Here I'm talking about the iShares U.S. Aerospace & Defense (NYSE Arca: ITA) exchange-traded fund (ETF).
With this one ETF we gain access to firms "taking a flier" on both civilian and defense drone tech. It also gets us into the huge earnings from military aircraft and all kinds of defense technology. I'm talking such firms as…
- Northrop Grumman Corp. (NYSE: NOC): Because it's a top defense contractor, it comes as no surprise that Northrop Grumman makes manned and unmanned aircraft for defense applications. But it's also collaborating with Yamaha to develop a "pilot-less" helicopter packed with intelligence-gathering equipment for such civilian uses as search and rescue and forest-fire observations. Of course, Northrop is deep into providing the military with electronic warfare and infrared countermeasures. In addition, the firm gives us a strong play on a sensor technology, advanced materials, and laser weapons systems.
- Lockheed Martin Corp.: Lockheed makes a full range of unmanned vehicles – covering air, land, and sea drones for both military and commercial uses. The company is widely known the Desert Hawk III, a drone used by the UK military to watch suspected terrorists. It also makes the Marlin, an oceangoing drone that conducts surveys and inspections. And as you know, Lockheed Martin is a full-line defense firm that develops combat ships and ground vehicles as well as advanced radar and tactical communications. It's also involved in space exploration, satellite systems, climate monitoring, cybersecurity, and cloud computing.
- Raytheon Co. (NYSE: RTN): This company gives us a great "backdoor" play on unmanned technology. Instead of developing UAVs themselves, Raytheon is behind the Common Ground Control System. The military uses this open-format control station to control all manner of UAVs. And it will likely be adapted for civilian use. Raytheon also provides the Pentagon with capabilities for electronic warfare, laser rangefinders, military training, and advanced radar.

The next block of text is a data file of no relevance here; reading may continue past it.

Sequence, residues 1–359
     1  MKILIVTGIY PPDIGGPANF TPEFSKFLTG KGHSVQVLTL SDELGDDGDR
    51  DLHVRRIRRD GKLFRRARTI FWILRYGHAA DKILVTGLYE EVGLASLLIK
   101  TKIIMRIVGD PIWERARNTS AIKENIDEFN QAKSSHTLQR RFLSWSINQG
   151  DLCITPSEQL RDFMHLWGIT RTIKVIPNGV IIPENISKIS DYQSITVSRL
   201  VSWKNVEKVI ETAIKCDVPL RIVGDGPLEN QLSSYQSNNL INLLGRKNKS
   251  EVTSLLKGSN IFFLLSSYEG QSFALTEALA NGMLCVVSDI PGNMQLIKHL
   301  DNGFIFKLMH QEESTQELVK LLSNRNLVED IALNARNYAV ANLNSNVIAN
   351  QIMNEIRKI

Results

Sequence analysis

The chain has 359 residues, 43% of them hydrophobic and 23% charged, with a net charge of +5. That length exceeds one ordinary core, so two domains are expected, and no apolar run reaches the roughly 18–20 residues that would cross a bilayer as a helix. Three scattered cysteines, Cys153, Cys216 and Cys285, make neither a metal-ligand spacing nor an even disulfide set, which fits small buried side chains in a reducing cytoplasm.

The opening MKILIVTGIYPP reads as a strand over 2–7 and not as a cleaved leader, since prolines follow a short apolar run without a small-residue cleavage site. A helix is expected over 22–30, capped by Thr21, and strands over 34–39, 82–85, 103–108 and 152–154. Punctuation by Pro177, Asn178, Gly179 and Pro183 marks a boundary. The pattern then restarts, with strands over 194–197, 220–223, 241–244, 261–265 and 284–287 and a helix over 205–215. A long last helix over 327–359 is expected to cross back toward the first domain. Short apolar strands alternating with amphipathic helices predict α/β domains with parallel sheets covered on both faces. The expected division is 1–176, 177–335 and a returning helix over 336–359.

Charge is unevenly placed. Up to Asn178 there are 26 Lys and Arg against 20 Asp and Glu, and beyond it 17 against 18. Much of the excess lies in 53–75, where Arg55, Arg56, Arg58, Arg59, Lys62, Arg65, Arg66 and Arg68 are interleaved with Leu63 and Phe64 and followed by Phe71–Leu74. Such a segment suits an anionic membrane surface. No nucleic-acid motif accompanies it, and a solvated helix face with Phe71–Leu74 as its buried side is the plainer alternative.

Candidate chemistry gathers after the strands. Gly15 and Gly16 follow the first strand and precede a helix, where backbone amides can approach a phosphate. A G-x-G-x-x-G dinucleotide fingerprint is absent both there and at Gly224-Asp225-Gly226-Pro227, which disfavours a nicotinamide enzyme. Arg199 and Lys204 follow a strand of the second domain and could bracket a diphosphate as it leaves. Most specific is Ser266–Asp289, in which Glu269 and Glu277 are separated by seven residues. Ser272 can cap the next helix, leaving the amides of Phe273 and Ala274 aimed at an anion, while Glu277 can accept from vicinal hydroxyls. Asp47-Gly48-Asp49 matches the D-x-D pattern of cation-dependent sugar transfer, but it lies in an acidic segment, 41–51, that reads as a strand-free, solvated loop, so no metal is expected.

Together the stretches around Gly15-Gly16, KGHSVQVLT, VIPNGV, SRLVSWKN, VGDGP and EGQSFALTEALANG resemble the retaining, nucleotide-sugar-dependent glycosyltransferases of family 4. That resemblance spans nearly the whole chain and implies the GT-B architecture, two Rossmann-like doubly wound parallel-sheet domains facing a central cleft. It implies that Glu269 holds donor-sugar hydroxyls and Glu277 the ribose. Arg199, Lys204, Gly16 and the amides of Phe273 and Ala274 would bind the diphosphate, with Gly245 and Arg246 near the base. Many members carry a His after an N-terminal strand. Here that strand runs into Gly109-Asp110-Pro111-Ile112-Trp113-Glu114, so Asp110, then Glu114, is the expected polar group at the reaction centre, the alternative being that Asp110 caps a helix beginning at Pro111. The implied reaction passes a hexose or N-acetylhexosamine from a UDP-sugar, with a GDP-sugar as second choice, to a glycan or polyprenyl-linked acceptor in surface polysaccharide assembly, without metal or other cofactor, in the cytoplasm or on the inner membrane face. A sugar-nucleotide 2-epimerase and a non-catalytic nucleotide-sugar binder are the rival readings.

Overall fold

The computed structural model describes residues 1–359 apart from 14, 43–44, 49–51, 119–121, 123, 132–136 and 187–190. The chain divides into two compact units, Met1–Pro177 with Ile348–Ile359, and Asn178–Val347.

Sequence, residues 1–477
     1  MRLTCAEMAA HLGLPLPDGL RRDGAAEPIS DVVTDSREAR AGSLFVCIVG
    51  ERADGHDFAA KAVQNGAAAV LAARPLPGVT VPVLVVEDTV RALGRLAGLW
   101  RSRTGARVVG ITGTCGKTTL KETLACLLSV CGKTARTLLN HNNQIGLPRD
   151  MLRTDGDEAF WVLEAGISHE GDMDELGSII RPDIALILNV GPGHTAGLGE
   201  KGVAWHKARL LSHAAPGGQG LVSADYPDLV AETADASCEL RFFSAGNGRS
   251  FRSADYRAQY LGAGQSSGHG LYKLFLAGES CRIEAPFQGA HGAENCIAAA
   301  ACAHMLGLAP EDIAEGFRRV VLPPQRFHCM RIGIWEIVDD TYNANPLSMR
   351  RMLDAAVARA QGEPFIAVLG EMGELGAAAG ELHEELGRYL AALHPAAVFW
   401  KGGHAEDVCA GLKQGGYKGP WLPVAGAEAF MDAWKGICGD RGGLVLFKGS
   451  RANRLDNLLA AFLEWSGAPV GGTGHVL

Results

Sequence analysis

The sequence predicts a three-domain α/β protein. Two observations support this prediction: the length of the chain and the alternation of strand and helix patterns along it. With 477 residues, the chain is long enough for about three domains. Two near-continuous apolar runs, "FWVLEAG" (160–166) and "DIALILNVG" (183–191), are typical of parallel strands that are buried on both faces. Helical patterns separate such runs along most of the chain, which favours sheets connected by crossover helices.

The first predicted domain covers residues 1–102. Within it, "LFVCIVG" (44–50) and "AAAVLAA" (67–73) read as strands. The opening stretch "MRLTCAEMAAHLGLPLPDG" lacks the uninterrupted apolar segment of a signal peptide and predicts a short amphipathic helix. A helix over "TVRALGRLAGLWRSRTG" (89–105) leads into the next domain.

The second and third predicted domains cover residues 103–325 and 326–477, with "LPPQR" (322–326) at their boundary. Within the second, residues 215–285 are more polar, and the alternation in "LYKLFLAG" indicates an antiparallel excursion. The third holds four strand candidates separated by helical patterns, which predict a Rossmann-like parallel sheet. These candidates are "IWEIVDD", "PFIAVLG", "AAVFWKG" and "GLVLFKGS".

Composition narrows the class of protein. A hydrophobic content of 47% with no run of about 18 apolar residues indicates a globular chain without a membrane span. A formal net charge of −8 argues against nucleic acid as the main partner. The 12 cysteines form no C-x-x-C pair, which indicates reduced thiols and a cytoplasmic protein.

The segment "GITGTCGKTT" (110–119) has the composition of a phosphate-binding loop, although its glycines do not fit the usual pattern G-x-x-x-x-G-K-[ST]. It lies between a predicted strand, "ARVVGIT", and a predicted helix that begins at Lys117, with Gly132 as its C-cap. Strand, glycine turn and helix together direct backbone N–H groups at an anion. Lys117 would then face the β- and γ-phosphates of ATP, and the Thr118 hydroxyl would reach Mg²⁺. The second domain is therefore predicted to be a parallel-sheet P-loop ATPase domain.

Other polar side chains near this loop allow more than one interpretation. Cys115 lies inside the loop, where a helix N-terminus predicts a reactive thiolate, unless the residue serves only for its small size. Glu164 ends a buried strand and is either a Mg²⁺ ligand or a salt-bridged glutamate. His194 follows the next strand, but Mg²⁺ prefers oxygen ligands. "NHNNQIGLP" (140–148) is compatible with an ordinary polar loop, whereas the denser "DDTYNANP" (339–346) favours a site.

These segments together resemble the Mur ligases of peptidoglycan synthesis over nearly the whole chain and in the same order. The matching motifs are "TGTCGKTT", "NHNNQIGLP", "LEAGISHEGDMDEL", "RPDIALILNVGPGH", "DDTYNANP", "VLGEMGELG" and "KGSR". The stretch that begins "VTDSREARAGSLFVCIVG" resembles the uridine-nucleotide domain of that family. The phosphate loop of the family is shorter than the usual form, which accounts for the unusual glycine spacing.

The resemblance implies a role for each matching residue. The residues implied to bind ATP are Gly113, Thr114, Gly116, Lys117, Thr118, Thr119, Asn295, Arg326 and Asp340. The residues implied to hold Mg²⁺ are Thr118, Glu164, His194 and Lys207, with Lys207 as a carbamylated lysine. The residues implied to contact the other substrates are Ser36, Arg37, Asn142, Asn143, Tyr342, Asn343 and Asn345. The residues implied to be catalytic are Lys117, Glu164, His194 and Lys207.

With this one investment, we benefit from the growing use of air, sea, and land drones for both defense and business activity. We also get access to a wide range of advanced defense technology and commercial aircraft sales.
This way we benefit from the entire drone sector's growth with a broad and diverse ETF. It's a cost-effective way to invest in virtually every aspect of the coming boom in drones – and the growth in global aviation.
Trading at about $129, ITA has greatly outperformed the broader market over the past two years. During that period, it has gained some 19%, more than double the S&P 500's 9.6% gain.
So, with this you can get ready for short-term growth and long-term stability… and keep your eye on that lamppost on the corner.
About the Author
Michael A. Robinson is a 35-year Silicon Valley veteran and one of the top technology financial analysts working today. He regularly delivers winning trade recommendations to the Members of his monthly tech investing newsletter, Nova-X Report, and small-cap tech service, Radical Technology Profits. In the past two years alone, his subscribers have seen over 100 double- and triple-digit gains from his recommendations.
As a consultant, senior adviser, and board member for Silicon Valley venture capital firms, Michael enjoys privileged access to pioneering CEOs and high-profile industry insiders. In fact, he was one of five people involved in early meetings for the $160 billion "cloud" computing phenomenon. And he was there as Lee Iacocca and Roger Smith, the CEOs of Chrysler and GM, led the robotics revolution that saved the U.S. automotive industry.
In addition to being a regular guest and panelist on CNBC and Fox Business Network, Michael is also a Pulitzer Prize-nominated writer and reporter. His first book, "Overdrawn: The Bailout of American Savings" warned people about the coming financial collapse - years before "bailout" became a household word.
You can follow Michael's tech insight and product updates for free with his Strategic Tech Investor newsletter.